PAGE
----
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Charles DeLong and I came out to Humptulips for a leap year dance over at the Newbury hotel. My brother Ike had just married and we met him here with his bride. The Evans Hotel was here too, and they had the bridal chamber, only there was no bridle and no chamber.

Being leap year, the girls did the inviting and the asking for dances. we would be sitting out in the office and the girls would come stringing out to get us. Ike went back to the Lake and told that Charles and I, every time a girl came in the doorway, would jump up and thank her for inviting us, but she would push us out of the way and say, "No, I came for somebody else." But really, the girls were very nice to us.


By Bud Loomis

While I lived at the Lake a fellow came up the river and stopped at the Higley Hotel and inquired for me. In Seattle, someone had told him that I was a guide. He was a millionaire's son from Philadelphia, some twenty-four years old, and weighing around 240 pounds. He said that he didn't know that he had ever walked a mile in his life. He brought a thousand pounds of luggage with him. His father was in the wholesale business.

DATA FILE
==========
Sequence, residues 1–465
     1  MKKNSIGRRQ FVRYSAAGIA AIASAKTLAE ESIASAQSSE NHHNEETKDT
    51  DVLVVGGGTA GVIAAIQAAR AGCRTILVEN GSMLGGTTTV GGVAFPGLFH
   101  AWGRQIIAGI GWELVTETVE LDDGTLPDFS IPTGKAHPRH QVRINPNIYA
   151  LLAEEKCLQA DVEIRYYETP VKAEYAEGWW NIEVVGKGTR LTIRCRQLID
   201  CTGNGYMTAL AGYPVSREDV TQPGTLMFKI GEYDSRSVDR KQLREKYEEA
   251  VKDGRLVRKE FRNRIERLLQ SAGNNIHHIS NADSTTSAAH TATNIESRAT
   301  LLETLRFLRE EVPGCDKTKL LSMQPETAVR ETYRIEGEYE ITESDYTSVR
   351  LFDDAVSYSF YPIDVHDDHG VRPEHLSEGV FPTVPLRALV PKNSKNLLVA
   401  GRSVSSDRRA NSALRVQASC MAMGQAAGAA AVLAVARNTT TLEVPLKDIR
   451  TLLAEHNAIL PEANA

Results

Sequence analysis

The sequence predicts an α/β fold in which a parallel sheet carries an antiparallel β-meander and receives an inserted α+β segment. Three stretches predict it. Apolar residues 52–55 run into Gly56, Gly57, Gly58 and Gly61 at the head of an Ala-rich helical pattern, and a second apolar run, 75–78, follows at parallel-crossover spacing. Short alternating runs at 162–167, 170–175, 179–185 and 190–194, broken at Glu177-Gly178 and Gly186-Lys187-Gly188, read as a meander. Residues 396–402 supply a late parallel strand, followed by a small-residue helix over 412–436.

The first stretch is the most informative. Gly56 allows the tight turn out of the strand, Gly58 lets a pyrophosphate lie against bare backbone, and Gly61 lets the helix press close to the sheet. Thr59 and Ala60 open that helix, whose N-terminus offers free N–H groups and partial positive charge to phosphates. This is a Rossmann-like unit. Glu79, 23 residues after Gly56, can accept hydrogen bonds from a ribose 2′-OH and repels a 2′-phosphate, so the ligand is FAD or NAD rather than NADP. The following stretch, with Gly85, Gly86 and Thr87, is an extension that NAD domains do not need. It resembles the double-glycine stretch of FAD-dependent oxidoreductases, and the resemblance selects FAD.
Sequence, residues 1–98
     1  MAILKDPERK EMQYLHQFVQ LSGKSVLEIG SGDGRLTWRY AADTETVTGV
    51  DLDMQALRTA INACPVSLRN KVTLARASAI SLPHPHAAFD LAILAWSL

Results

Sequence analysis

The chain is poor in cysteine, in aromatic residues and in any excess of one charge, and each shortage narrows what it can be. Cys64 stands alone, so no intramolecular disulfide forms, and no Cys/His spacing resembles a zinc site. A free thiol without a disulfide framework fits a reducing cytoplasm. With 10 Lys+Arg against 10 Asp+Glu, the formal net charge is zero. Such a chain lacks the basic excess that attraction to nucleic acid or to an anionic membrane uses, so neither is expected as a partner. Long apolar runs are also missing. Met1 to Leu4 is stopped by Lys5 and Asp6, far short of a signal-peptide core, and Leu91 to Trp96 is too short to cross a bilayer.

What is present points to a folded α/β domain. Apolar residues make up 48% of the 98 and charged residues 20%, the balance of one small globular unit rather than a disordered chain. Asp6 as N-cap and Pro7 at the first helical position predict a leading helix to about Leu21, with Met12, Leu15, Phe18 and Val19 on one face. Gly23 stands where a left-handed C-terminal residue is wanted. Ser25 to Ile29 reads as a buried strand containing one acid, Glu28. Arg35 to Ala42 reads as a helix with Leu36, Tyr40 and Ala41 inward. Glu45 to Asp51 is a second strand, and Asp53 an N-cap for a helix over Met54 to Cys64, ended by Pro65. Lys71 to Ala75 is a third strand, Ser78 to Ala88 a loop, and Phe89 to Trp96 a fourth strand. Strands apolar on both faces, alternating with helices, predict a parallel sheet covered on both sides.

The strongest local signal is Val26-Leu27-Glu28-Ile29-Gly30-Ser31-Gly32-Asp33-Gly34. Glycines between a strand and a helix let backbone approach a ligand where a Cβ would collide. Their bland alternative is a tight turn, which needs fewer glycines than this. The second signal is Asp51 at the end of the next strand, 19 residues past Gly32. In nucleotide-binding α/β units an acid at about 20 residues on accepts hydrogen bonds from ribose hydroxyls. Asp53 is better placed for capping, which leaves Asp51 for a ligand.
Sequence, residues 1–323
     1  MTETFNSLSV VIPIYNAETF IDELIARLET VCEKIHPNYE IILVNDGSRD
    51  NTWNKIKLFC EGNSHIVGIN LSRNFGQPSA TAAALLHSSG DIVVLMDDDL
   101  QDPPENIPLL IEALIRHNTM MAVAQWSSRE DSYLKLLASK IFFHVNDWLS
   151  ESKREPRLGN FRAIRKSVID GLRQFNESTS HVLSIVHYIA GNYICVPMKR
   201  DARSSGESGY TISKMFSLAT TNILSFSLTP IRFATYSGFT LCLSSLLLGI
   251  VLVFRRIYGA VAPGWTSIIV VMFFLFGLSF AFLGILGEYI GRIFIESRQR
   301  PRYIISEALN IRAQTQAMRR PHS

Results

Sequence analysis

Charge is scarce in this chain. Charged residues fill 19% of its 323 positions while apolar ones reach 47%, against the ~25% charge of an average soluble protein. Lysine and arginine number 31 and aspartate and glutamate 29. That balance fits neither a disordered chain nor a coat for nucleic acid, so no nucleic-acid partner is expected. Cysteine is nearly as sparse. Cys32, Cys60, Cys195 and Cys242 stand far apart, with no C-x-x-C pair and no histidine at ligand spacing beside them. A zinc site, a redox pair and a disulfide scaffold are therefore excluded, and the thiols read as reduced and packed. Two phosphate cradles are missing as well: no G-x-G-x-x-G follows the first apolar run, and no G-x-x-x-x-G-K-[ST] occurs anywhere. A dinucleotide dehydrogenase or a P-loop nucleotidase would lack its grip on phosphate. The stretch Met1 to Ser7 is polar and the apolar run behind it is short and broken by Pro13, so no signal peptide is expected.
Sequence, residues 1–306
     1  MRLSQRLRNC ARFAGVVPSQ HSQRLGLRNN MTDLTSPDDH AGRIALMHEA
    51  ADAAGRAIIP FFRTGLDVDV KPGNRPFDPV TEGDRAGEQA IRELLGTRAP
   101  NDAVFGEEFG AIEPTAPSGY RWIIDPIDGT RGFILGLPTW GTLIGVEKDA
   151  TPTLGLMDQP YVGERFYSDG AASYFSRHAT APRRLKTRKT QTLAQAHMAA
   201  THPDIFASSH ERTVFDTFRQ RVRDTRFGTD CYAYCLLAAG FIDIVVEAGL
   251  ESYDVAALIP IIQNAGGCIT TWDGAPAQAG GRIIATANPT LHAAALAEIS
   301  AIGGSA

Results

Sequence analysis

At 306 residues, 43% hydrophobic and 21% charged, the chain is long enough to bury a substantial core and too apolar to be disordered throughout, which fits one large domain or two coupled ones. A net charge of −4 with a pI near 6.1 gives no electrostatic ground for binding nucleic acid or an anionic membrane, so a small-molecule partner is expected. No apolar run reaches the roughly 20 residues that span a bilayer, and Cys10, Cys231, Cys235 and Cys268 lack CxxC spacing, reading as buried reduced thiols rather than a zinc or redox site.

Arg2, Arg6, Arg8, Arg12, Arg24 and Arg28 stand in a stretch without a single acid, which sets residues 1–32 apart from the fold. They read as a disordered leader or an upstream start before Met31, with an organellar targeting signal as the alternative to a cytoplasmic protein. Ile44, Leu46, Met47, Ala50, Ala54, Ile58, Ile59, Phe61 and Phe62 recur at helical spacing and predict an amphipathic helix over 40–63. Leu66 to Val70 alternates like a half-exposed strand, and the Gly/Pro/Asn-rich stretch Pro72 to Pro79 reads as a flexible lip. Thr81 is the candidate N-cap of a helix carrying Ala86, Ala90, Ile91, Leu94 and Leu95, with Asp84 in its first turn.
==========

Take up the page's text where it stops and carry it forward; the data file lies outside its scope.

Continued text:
He sent word for me to come to see him. He wanted to go elk hunting. Wanted to get a bull elk and take the speciman back with him. Said he didn't care particularly how much it cost, but wanted to have a nice hunting trip.

I talked to him all one day, and he wanted me to come back the next day and talk some more. He wanted to take that thousand pounds into the mountains. There was no grub in it, except two five-pound slabs of bacon, some tea, and coffee. That was all. It took me three or four days to convince him that he didn't need all that luggage. Finally, I told him it was practically impossible. But, if he was determined to take it all, he would have to go back to Seattle, and get about fifty men to pack it in. And, that would mean a lot more grub to pack for them.